Forget Gluten, Maybe Dairy Is Your Problem

If you’re experiencing discomfort every time you eat, you may have a food intolerance

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Maybe wheat isn’t what you’re allergic to.

Food allergies are unfortunate — they can make dining out and traveling very difficult. In 2012, the Centers for Disease Control and Prevention announced that between 1997 to 2011, food allergies increased by 50 percent. Researchers estimate that up to 15 million Americans live with food allergies, many of which go undiagnosed. Recognizing symptoms could help you eliminate the food that irritates your body.

Click here for The 7 Most Common Food Allergies slideshow.

Now that every product can be made without gluten, more and more people are trying out the gluten-free diet. When it comes to gluten intolerance, sufferers can experience celiac disease or non-celiac gluten sensitivity. However, long before gluten allergies became the talk of the town, lactose allergies were — and still are — extremely common. Similar to gluten intolerance and celiac disease, milk allergies and lactose intolerance are two distinct conditions.

“Lactose or dairy intolerance occurs when the small intestine cannot make an adequate amount of lactase, which is the enzyme necessary to break down lactose in dairy products,” says Bridget Bennett, nutritionist for Indie Fresh. “It can result in very similar symptoms as gluten intolerance, with painful bloating, gas, and diarrhea resulting from undigested compounds passing into the large intestine.”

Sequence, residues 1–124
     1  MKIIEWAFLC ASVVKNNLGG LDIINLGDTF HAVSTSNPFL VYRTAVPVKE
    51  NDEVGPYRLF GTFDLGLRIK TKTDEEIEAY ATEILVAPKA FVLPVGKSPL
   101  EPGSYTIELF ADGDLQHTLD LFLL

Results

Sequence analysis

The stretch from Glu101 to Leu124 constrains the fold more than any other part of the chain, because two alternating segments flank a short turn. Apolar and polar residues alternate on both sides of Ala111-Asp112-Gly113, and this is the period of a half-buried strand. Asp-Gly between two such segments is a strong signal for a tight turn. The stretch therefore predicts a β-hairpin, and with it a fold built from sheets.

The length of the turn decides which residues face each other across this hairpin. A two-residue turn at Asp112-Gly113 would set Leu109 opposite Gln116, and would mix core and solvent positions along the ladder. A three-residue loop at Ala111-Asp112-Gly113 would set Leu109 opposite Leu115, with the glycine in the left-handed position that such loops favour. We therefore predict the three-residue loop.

Symptoms can be alleviated by eliminating dairy or the lactase enzyme found in dairy products. However, it is difficult to diagnose a food allergy or disease, because many symptoms overlap.

“While celiac disease is an autoimmune response where the proteins in gluten cause the small intestine to become damaged, non-celiac gluten sensitivity does not involve the small intestine but manifests more like an allergic reaction, even though testing may show no antibodies,” Bennett says.

Similar to diets designed to address dairy intolerance, eliminating foods that contain gluten when you have celiac disease or gluten sensitivity can improve symptoms and restore your health. Bennett recommends getting tested to rule of the possibility of other gastrointestinal diseases.

“If an intolerance or allergy is suspected, I recommend first backing off allergy-specific foods and evaluating how you feel, day to day,” Bennett says. Keeping a food diary can be helpful for recognizing which foods encourage certain symptoms. Scheduling a doctor’s appointment and meeting with a nutritionist may be your first step to feeling better and eliminating allergy symptoms.  



The accompanying slideshow is provided by fellow The Daily Meal editorial staff member, Julie Ruggirello.